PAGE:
CATEGORÍAS: Política MEDIOS: Buenos Aires Herald

Judge kicks Media Law to next gov’t

Media group’s star journalist get key injunction buying time for conglomerate, this time for good

por Federico Poore
Buenos Aires Herald, 05-02-2015

It’s over. President Cristina Fernández de Kirchner will not be able to split up the Clarín Group before she steps down from office.

Judge Pablo Cayssials yesterday issued an injunction freezing the forced divestment of the country’s largest media conglomerate, as ordered in October by the AFSCA media watchdog, following a claim by a number of the group’s journalists.

The judge even resorted to biological imagery to stress that the legal feud between the government and the country’s largest media conglomerate is only getting started, saying the case was still in the “larval stage.”

The AFSCA, led by Martín Sabbatella, “began the forced divestment process… without a previous notice that would have allowed the affected group to comment on it,” the judge said. That means resolution 1121/14 “may affect the freedom of expression” of the journalists who filed the lawsuit requesting the injunction.

This is the second preliminary injunction granted to the media group led by CEO Héctor Magnetto: a similar one was issued in November by Civil and Commercial Judge Horacio Alfonso. Both measures make clear that AFSCA will not be able to move forward with the appraisal of Clarín’s licences and the call for tenders for its excess licences.

“Anyone following the case would have been able to see, from the very day Sabbatella told reporters he was moving forward with the forced divestment of Clarín, that this would lead to a long legal battle,” media expert Martín Becerra told the Herald.

The ruling

The first thing Judge Cayssials did was to accept Julio Blanck, Nelson Castro, Jorge Lanata, Magdalena Ruiz Guiñazú and other popular Clarín Group journalists as plaintiffs. It was a controversial move, because they were calling to suspend the media watchdog’s resolution on the grounds that the media outlets they work for could change hands. But as AFSCA had argued in its response to the original demand, the law does not grant the right “to choose a specific employer.”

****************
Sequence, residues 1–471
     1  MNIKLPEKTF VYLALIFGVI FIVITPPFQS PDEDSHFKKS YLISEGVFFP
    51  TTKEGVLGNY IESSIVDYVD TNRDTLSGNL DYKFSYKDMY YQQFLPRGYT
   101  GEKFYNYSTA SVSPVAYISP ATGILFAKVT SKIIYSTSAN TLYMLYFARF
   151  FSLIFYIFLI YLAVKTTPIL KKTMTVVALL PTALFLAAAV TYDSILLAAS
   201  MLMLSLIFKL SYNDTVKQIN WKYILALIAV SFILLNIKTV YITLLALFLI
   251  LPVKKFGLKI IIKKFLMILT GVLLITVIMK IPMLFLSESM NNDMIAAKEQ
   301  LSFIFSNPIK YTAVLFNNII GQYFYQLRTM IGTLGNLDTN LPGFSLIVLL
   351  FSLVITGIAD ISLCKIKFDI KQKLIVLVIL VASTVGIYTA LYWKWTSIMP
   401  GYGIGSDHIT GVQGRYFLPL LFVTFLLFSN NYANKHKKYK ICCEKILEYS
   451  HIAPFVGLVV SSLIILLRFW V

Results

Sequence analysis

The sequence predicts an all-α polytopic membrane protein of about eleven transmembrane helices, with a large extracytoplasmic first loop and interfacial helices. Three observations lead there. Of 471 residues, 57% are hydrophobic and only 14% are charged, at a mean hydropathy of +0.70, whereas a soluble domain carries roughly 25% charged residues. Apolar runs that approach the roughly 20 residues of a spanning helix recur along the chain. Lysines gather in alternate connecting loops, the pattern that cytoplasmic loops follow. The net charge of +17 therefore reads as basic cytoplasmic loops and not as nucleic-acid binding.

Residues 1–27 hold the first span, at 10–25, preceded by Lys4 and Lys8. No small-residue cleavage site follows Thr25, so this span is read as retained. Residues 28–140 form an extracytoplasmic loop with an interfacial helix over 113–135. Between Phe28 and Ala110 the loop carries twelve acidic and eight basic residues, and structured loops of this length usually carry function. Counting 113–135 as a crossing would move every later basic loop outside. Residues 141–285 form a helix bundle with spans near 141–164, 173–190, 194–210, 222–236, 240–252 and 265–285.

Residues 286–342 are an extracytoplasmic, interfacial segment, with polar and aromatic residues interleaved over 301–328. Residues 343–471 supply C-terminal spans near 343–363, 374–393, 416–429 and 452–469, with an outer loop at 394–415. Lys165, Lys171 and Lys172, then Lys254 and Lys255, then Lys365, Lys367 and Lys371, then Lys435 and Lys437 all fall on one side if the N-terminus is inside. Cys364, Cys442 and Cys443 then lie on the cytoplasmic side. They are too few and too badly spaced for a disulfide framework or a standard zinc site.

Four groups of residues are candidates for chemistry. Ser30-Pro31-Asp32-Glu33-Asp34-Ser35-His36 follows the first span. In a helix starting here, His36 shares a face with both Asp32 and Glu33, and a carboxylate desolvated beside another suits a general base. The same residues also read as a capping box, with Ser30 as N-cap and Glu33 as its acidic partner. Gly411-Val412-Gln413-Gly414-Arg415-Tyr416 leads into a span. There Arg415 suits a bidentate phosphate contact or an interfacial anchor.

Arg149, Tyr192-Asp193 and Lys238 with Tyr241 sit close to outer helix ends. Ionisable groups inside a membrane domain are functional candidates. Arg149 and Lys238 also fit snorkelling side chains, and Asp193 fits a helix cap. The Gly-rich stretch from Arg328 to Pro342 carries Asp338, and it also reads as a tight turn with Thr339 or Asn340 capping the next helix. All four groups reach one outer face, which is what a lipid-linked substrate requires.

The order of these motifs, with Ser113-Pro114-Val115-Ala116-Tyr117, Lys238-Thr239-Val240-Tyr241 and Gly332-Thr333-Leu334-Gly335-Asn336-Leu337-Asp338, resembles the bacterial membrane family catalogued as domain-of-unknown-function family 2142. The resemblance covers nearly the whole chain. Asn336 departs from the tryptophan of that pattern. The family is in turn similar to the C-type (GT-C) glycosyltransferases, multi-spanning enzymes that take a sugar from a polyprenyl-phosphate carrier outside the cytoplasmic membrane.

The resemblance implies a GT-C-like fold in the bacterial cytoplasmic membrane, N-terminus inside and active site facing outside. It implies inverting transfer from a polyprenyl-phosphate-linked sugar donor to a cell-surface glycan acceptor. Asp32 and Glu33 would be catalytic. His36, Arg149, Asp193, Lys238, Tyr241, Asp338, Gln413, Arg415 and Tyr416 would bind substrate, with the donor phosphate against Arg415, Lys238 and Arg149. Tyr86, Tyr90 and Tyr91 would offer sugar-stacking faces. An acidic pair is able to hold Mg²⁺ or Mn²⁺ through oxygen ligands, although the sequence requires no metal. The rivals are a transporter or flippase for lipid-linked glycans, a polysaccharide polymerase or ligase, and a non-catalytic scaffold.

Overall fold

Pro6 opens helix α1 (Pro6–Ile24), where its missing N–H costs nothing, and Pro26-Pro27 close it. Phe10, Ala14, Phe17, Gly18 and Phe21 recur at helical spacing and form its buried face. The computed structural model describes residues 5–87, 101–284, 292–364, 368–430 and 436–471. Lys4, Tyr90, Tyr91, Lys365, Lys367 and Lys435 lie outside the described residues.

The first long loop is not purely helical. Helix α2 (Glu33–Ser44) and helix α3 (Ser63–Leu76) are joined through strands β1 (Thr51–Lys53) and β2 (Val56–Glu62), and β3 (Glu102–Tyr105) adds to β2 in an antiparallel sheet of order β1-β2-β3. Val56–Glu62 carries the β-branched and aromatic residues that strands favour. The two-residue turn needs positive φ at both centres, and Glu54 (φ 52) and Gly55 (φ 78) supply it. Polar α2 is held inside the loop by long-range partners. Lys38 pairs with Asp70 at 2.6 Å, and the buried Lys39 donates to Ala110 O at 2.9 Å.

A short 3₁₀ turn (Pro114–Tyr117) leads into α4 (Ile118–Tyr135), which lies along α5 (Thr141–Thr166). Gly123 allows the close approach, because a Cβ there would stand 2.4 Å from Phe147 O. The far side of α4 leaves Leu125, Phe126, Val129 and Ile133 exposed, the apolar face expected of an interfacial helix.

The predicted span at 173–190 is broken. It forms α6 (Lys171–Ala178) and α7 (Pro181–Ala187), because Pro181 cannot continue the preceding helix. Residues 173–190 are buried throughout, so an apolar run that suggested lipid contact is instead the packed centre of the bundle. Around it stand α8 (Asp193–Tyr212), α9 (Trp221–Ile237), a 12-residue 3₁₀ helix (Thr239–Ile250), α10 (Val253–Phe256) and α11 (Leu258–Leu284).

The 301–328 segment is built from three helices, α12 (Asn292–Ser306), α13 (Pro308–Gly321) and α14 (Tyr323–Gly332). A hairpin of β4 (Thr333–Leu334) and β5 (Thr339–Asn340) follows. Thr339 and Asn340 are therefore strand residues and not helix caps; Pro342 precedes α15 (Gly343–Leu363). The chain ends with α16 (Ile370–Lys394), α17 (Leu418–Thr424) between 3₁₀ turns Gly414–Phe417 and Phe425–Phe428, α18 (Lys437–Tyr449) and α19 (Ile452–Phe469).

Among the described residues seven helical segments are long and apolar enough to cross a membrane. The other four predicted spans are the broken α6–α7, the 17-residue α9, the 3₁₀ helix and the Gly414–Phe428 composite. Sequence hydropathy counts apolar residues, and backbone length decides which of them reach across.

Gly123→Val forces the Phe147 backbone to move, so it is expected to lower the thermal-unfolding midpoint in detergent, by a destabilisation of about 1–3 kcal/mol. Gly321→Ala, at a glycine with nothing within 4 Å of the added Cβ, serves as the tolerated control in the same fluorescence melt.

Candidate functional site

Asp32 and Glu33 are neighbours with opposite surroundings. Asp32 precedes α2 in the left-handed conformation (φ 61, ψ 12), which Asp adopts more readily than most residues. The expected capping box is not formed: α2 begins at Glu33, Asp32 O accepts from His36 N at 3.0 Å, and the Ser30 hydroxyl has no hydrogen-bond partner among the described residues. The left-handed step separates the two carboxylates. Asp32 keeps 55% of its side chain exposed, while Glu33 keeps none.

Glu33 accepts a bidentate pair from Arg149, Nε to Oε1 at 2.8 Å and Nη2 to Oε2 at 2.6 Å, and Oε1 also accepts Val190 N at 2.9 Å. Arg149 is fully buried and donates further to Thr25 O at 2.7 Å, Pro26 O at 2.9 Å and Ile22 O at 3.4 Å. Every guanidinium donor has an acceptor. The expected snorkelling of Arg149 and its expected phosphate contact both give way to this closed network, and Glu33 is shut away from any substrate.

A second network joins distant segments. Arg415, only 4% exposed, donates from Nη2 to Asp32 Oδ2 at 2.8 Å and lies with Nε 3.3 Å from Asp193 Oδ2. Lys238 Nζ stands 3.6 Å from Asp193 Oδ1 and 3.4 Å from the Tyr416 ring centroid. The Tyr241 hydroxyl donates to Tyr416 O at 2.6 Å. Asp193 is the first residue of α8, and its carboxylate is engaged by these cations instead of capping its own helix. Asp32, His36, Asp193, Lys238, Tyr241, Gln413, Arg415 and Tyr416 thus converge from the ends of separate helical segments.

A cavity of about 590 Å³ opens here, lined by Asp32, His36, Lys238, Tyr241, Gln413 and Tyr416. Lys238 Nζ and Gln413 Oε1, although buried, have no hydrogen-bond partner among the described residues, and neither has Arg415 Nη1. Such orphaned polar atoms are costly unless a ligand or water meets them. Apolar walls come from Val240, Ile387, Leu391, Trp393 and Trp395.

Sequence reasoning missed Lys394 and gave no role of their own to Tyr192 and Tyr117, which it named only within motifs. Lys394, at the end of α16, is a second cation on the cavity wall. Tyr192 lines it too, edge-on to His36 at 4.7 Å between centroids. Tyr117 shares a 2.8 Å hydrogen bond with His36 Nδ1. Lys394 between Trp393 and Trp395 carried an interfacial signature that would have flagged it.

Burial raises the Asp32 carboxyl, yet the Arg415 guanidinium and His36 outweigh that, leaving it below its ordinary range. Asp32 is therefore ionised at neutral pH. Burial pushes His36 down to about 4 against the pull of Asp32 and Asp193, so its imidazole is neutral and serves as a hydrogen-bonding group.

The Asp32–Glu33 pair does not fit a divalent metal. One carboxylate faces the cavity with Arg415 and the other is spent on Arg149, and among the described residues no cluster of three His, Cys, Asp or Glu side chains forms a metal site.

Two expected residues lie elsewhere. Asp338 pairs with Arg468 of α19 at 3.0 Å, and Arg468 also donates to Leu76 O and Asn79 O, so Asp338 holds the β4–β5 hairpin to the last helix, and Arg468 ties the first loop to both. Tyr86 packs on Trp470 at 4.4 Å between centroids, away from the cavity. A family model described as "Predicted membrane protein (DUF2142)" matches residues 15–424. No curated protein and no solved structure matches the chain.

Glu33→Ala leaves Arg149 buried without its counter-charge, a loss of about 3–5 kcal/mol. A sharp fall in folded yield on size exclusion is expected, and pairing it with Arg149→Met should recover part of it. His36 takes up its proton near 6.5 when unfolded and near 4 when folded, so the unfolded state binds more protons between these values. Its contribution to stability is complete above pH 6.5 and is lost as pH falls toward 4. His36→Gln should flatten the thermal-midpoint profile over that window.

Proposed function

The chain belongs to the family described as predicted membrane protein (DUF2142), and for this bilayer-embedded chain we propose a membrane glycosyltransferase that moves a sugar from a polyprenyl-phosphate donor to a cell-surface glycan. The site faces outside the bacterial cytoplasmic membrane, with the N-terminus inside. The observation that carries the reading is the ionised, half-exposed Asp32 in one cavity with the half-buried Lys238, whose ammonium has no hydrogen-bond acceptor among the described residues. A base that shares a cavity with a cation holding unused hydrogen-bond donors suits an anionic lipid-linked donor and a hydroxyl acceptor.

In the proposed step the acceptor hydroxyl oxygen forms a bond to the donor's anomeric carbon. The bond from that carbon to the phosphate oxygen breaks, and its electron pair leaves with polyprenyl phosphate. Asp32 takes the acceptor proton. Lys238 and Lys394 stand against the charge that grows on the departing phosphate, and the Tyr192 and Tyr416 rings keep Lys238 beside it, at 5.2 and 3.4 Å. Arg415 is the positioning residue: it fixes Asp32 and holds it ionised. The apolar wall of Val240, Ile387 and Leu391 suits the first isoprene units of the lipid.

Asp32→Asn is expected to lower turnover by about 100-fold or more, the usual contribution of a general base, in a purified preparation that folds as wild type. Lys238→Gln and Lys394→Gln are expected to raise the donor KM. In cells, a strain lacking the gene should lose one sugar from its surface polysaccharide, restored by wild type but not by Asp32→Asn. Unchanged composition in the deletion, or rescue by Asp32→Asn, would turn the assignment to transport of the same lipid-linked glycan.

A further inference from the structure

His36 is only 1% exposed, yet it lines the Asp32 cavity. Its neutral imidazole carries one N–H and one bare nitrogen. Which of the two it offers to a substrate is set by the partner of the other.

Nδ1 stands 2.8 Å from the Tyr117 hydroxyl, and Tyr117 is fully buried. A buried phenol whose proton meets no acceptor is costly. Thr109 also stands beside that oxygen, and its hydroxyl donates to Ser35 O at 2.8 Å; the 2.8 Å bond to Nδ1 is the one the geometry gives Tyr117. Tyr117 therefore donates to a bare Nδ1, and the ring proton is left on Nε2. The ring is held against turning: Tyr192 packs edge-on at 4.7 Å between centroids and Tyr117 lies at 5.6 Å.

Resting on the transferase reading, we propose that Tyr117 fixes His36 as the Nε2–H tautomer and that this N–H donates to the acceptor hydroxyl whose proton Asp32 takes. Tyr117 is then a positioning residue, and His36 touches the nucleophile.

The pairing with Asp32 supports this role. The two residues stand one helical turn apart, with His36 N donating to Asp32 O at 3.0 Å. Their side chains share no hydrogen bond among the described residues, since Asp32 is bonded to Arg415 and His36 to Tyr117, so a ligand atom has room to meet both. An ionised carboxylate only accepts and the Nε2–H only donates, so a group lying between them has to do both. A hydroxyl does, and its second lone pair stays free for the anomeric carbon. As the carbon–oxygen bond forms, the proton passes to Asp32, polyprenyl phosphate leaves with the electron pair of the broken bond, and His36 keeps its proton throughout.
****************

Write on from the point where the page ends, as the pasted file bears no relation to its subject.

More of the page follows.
“What’s interesting about this is that these journalists base their case on defending the legitimacy of the Media Law, saying the government is violating its spirit… when we all believed that they — Magdalena (Ruiz Guiñazú) for example — were actually against the very letter of the law,” Becerra said.

The judge also pointed out yesterday that the media watchdog appeared to change its mind half-way through Clarín’s voluntary divestment process — which in turn had begun after the Supreme Court deemed the Media Law constitutional in October 2013.

Even though at first AFSCA “acknowledged it was trying to favour the implementation of the voluntary (divestment) plans… it began the forced divestment process” of Clarín’s excess licences on October 8, 2014 without proper notice, the ruling explained.

His preliminary injunction, the magistrate concluded, seeks to avoid the “irreversible harm” that would result from selling Clarín’s licences, whether one counts the 237 that AFSCA claims the conglomerate holds or the 158 the group recognizes as its own. The move — a logical part of the forced divestment process as set by the law passed in 2009 — includes taking the case to the National Appraisal Tribunal (in order to put a value on the affected assets) and a call for tenders for the excess licences.

What’s Next?

Hours after the ruling was known, the media watchdog issued a news release in which Sabbatella spoke about the historical perspective, seemingly acknowledging the case would be long.

“History will remember (the judges who provided the injunctions) as employees of political and media powers who used twisted legal arguments to guarantee impunity and privilege to media monopolies,” the AFSCA chief said.

The national government may now call to join two cases together as it challenges the preliminary injunction — but the last stop of this train is the Supreme Court.

In other words, yesterday’s decision was the last nail in the coffin for those who wished to witness a quick implementation of the anti-trust mandates of the Broadcast Media Law.

The president’s anti-trust dreams — shared by many non-Kirchnerite activists — have come to an end, this time for good. At least for her administration.

Por Federico Poore

Magíster en Economía Urbana (UTDT) con especialización en Datos. Fue editor de Política de la revista Debate y editor de Política y Economía del Buenos Aires Herald. Licenciado en Ciencias de la Comunicación (UBA), escribe sobre temas urbanos en La Nación, Chequeado y elDiarioAR.

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